Maybe there is merit in keeping it simple after all

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It feels like we are living through history at the moment.

I am not just referring to the collapse of US power in Afghanistan, although that obviously contributes to this feeling.

Nor am I just referencing Covid, although the world’s inability to beat a disease when it had been assumed for lifetimes that nature had been tamed is clearly an issue.

Humankind’s current denial of the impact of climate change is also a factor. That is staggering, and maybe the biggest historic failure we are moving through.

But there is something else as well. And that is the feeling I have that we have just made life to complicated, and that we cannot keep up with it now. That possibility seems like an epoch changing moment as well.

The first three of these events are easy to spot. I will not say more about them. I fully accept that the last point I am making is based on nothing more than a hunch. Well, that and the fact that the world’s carmakers cannot get enough chips to make their products. Toyota is cutting production by 40% because of this chip crisis. VW is also making cuts. The situation is ongoing, and it’s not wholly clear it is simply Covid related now.

It is obviously possible to claim that this issue is merely logistical. And at some levels that is obviously true. But I am not quite convinced of that. There has been an assumption that the continued computerisation of the world is possible, and inevitable. The assumption that computing power could increase exponentially and be applied to almost any task has been implicit in most product development logic for decades. But now it’s hit an obstacle. The most basic product required to fulfil that assumption is not available. The chips are literally down.

This matters for all sorts of reasons. In economies built around meeting consumer demand inability to meet it is a major failing. It disrupts employment, pricing, corporate fortunes, and even the ability of companies to survive. Inflation is in part being driven by demand for second hand cars as new ones are not available, so this has macro as well as micro implications. And it is not clear that this problem is necessarily soluble.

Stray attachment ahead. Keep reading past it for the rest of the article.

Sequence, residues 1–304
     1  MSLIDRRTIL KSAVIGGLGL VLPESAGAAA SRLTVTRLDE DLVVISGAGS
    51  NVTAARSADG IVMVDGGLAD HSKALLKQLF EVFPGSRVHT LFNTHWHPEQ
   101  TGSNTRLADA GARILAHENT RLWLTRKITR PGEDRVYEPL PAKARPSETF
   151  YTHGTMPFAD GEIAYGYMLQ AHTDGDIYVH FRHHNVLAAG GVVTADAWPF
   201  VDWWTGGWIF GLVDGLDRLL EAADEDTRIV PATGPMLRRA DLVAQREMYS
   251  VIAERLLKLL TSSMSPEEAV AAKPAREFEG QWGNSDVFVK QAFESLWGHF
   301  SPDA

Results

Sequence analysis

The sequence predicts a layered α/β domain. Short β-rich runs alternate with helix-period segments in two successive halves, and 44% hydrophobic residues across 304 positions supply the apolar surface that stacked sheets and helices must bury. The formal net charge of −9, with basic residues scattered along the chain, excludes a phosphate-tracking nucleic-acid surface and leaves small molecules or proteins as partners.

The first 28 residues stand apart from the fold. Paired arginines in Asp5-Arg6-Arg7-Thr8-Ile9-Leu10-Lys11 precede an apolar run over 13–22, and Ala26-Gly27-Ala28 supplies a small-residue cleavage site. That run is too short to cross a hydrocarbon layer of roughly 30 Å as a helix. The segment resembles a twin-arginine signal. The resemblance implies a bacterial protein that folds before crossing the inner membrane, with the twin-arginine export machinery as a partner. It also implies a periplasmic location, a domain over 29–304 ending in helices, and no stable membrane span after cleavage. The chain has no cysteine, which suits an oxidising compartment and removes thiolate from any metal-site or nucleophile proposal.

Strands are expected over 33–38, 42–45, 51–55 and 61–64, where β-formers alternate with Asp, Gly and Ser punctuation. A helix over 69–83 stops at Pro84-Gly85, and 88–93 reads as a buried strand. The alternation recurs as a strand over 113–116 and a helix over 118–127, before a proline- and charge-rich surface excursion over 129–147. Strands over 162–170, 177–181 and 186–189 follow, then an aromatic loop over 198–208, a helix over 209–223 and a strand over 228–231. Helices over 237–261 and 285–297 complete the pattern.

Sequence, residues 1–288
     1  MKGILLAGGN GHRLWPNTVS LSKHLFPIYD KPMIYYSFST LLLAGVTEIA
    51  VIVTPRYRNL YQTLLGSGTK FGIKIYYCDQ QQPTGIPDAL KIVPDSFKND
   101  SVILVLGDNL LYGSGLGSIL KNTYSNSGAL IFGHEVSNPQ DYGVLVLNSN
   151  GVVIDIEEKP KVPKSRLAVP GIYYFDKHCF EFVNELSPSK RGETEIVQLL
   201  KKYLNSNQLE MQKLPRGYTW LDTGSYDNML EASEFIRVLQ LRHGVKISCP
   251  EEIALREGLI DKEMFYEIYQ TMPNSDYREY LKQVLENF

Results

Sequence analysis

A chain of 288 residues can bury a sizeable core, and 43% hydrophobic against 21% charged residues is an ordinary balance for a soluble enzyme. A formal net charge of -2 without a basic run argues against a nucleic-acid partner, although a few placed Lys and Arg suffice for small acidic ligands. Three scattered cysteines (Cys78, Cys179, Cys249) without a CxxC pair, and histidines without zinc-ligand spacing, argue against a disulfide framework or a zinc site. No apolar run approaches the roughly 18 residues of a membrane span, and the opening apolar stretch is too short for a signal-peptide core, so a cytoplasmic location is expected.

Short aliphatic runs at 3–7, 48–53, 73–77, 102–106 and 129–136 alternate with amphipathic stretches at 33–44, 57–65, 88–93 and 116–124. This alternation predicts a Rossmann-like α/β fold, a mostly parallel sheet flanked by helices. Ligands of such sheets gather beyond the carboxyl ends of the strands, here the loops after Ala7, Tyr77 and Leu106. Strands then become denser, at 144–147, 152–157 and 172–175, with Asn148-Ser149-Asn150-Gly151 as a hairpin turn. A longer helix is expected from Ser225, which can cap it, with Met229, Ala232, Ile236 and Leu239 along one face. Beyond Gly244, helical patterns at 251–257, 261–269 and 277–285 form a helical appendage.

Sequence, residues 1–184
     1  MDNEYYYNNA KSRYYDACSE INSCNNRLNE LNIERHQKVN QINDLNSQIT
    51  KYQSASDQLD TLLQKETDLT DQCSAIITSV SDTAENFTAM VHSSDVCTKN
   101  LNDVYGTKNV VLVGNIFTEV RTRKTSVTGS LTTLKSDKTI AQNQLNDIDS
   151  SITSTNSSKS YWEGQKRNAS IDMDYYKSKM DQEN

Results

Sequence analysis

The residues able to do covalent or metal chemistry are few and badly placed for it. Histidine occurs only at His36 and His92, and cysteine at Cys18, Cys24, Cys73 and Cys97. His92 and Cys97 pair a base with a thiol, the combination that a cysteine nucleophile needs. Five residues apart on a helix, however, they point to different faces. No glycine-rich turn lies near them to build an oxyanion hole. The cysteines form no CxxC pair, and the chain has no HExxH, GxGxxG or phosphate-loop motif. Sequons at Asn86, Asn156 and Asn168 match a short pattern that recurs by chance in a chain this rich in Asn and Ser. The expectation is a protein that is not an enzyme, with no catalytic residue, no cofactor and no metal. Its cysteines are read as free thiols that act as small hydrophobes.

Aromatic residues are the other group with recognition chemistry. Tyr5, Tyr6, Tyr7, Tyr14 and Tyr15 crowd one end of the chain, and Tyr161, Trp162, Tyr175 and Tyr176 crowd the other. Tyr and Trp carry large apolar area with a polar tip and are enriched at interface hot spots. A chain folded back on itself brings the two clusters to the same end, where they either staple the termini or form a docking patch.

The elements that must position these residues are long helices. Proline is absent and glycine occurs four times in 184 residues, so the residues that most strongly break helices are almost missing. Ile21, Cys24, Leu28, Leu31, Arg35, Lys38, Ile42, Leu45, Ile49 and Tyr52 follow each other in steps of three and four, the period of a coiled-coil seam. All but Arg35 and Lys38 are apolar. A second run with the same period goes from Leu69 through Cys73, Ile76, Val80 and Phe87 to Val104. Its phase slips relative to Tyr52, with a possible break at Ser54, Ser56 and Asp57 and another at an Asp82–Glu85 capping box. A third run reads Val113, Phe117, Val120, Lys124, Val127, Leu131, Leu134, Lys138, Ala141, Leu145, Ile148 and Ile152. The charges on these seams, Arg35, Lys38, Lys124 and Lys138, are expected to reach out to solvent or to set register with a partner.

I am not suggesting that chip production might not increase again. Maybe it will. Instead what seems to be possible is that so complex are supply lines that their disruption in the face of other threats, like conflict, disease and climate change, is something that appears to be considerably more likely now.

As evidence I noted a couple of weeks ago that at the height of the UK soft fruit season plums were not readily available in supermarkets. Now the supply issue appears to be chicken. It is out of stock. Of course Brexit has exacerbated this in the UK, but that supply chains are now so vulnerable to even minor disruptions is my point. We have a world economy dependent on everything functioning as it is assumed it should.

My suggestion - and I stress it is purely speculative - is that this moment is historic because it is the time when supply chains might have stoped functioning as they should. And that is for one common reason. It is that they are too complex.

We do not need the number of chips found in the modern car fir it to function, for example. It is entirely possible to open a car window mechanically, but that is almost unknown now. That example is itself simple, but also symbolic of the point that I am making. Maybe we have just made the world too unnecessarily complicated, especially where complication is not required. Maybe that is why there aren’t enough chips in the world. And maybe that is why we aren’t prepared for many of the risks that we now face.

I simply offer it is as thought. Maybe there is merit in keeping it simple, after all.